A Shadowdancer isn't simply hiding: she's using a Supernatural ability to not be seen while not having anything to hide behind – she's not actually in the shadow, she remains in plain sight but unseen. True Seeing will work on her.
A Ranger is simply hiding. His Extraordinary ability allows him to disappear into natural terrain while being observed, but it's a mundane hiding-in-the-grass he's doing. True Seeing won't work on him.
In a fictional sense, this should be sufficient. The Shadowdancer is using magic to conceal herself, while the ranger is using mundane skill. True Seeing penetrates magic to see things as they actually are and will show that the Shadowdancer is actually standing in plain sight in a shadow that has been magically moved/altered/detached.
Rules-wise, a bit more work is probably necessary. The description of True Seeing doesn't list anything that seems to cover this case, and an easy answer is simply that if it doesn't say it covers it, then it doesn't apply. However, this is a simple proof that it applies to the Shadowdancer:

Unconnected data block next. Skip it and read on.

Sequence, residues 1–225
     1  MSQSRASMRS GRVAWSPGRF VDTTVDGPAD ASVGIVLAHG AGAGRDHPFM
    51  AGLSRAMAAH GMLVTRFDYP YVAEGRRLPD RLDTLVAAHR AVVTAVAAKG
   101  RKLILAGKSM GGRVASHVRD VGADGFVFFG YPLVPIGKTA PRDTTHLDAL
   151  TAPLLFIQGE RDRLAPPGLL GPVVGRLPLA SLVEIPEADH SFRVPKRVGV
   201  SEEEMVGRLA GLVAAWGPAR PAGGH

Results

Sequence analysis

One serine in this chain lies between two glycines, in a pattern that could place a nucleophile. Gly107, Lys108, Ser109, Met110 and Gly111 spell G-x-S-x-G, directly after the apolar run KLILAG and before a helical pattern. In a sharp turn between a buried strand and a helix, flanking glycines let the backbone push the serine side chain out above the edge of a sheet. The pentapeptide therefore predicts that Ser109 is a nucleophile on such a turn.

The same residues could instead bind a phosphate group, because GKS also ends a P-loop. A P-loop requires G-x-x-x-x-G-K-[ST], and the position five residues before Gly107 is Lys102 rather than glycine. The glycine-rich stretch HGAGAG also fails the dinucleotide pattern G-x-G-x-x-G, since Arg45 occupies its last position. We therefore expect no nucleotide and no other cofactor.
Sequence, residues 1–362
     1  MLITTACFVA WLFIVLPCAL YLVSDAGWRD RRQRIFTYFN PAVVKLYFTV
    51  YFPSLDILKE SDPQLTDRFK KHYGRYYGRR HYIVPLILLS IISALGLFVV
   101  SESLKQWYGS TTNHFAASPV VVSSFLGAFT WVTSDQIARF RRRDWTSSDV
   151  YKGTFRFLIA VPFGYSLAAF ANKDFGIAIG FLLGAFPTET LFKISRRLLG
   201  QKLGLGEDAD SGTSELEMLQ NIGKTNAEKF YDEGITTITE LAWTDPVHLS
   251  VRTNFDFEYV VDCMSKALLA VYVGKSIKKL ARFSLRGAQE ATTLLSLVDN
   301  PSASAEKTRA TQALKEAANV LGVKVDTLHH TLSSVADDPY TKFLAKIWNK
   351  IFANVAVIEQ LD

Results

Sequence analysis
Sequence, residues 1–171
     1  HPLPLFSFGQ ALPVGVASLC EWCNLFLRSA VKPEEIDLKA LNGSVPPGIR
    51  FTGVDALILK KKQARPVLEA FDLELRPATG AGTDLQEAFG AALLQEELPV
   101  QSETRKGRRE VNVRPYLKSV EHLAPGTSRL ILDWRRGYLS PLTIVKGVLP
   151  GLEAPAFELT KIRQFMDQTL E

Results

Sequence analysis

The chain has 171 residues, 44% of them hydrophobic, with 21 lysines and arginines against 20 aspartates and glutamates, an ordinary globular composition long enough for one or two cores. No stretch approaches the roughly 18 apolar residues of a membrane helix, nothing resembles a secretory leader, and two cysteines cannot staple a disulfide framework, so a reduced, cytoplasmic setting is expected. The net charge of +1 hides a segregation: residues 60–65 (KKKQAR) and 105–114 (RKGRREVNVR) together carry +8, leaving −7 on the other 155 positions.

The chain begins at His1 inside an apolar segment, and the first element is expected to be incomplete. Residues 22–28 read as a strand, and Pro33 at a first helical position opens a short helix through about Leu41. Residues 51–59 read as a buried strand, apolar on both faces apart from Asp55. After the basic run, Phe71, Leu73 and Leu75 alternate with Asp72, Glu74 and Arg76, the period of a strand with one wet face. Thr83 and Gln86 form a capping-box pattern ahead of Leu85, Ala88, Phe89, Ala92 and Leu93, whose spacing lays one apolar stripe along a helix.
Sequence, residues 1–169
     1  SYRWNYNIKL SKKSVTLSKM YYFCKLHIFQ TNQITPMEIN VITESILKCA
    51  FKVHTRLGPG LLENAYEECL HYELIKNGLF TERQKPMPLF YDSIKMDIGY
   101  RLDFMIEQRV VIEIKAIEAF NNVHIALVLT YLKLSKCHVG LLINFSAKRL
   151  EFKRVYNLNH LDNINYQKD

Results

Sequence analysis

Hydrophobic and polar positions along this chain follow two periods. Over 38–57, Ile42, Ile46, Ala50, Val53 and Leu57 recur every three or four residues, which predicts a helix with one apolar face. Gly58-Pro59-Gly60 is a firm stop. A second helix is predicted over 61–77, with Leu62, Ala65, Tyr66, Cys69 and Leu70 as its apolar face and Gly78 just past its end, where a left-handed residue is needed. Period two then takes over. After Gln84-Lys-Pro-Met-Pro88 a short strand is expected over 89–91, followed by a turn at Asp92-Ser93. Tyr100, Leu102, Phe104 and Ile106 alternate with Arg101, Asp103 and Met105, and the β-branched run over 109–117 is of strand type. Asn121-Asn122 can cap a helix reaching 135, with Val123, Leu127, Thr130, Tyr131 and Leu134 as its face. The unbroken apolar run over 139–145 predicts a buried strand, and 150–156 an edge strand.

- True Seeing "confer[s] on the subject the ability to see all things as they actually are."
- The two lists of things True Seeing are divided into magical and non-magical effects. The magical list is things it works on, the non-magical is things it doesn't work on.
- "Supernatural abilities are magical"
- True Seeing allows the subject to "sees the true form of polymorphed, changed, or transmuted things"
- There is no way to interpret a Shadowdancer's Hide In Plain Sight without it being a magical change.
- From all of the above, True Seeing should see a Shadowdancer using HIPS.